Epson Inkjet printers
Member and master photographer John Mitchell from Cambridge, ON owns and operates John Michell Photography. John recently ran into some difficulties with an image, and with the help of his fellow PPOC members, he was able to complete a job on time. The fellowship of members across the nation is one of the strongest benefits to membership in the Professional Photographer's of Canada!
"Once again the value of membership in the PPOC became apparent to me just days before Christmas. The Background I’ll admit I’m a bit of an old dog growing up in the era of film, developer, stop bath, and hypo. The switch to digital was challenging. In the beginning I retouched my own files and submitted them to the lab and they did the colour adjustments. Eventually, I became more comfortable with this area of it and began submitting the files “Print without adjustment!” and then made the big jump to printing my own images about 7 years ago. Days before Christmas, I am printing a rather larger order with images from 6 different files. The father in the portraits was wearing a very nice detailed sweater. When I examined the prints I was horrified: Moiré! What Happened I looked for ways to correct it. Nothing was found in the “help” on Photoshop. I went back to the raw file which had been converted using Capture 6. The moiré adjustment there didn’t eliminate it. When I zoomed in to 66% or 100% it wasn’t there, but at print size it was back. I didn’t know where to begin. It was bad and was going to take hours to retouch and even then I was afraid that I would lose the detail in the pattern of the sweater. I needed help! At 8:10 in the evening, I logged onto Facebook and went to the PPOC members only page and posted “I need help ASAP” and described my problem. I thought at this time of the night there’s not a hope! In less than 5 minutes, I had fellow member photographers from coast to coast offering suggestions on what to do. Ken Frazer, MPA - PPOC president and owner of Frazer Studio of Photography, said if you can’t see it at 100% it just isn’t there, it has to be a printer file. In frustration, I made a j-peg and e-mailed it to Ken. It is Christmas time and we are all busy, but Ken took time out of his schedule to help me. I got an e-mail from Ken saying that he couldn’t see it at 100% and it just couldn’t be there. He was just starting up his printer and would make a print to confirm it wasn’t there. Ten minutes later, I received another e-mail saying it showed up on the print from his printer as well. I thanked him, and accepted the fact that it was going to be a long night, I had a lot of retouching to do. I was experimenting with the best ways to retouch it, when almost an hour later I received an email from Ken saying I have an answer. What Was Learned I had always been told by the labs to size my prints at 300 ppi. I had always worked on this theory and in the 7 years that I have been printing my own work it has never been a problem. This was Ken’s answer, and if you are doing your own printing with an inkjet printer I suggest you pay close attention to this information. It could save you a lot of time and money. “With Epson Inkjet printers the resolution should ideally be in divisions of 720. (720/2=360, 720/3=240, 720/4=180). So, 180 for really large prints and canvas, 240 for smaller prints, and 360 for prints 8x10 or smaller.” When he resized my image to 360 the moiré disappeared. I immediately resized my images and the problem was solved, saving me countless hours of retouching that would have lessened the quality of the images I would deliver to my client. The next day member Mike Guilbault, MPA of Mike Guilbault Photography added further information when he clarified and confirmed these numbers apply to Epson Printers. Canon printers operate in ppi multiples of 300. I hope posting this information will help more members save valuable time and money in printing their own images.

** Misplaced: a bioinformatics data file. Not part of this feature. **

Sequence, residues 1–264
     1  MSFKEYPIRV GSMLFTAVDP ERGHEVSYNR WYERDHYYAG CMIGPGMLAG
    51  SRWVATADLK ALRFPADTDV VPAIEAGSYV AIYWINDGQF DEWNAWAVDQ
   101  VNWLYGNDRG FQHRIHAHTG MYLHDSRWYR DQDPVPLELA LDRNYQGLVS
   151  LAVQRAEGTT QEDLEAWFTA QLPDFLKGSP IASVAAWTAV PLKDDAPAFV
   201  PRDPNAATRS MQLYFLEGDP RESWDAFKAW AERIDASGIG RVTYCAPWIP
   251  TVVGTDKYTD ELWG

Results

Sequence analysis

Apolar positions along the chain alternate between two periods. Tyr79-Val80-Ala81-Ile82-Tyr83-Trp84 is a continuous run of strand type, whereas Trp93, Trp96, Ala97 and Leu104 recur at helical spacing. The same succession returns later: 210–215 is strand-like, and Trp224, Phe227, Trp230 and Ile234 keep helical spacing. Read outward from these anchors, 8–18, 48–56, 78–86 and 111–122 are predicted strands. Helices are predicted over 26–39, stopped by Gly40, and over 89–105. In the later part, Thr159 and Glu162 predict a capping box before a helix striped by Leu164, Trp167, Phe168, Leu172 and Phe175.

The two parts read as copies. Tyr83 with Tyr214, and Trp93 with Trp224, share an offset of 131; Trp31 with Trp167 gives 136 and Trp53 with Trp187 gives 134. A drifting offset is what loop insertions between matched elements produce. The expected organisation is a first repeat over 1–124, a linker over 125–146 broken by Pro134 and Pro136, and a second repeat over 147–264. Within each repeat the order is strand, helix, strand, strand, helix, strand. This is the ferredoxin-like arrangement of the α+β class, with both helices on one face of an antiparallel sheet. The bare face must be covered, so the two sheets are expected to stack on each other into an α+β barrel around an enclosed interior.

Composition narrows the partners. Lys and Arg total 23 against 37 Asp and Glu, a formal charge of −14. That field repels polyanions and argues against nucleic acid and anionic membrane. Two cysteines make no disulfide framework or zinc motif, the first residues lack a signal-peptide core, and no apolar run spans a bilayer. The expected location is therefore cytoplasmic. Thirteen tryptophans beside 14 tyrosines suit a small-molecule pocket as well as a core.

As for me, I had the real value of my PPOC membership reinforced. As the saying goes, “membership has its benefits!”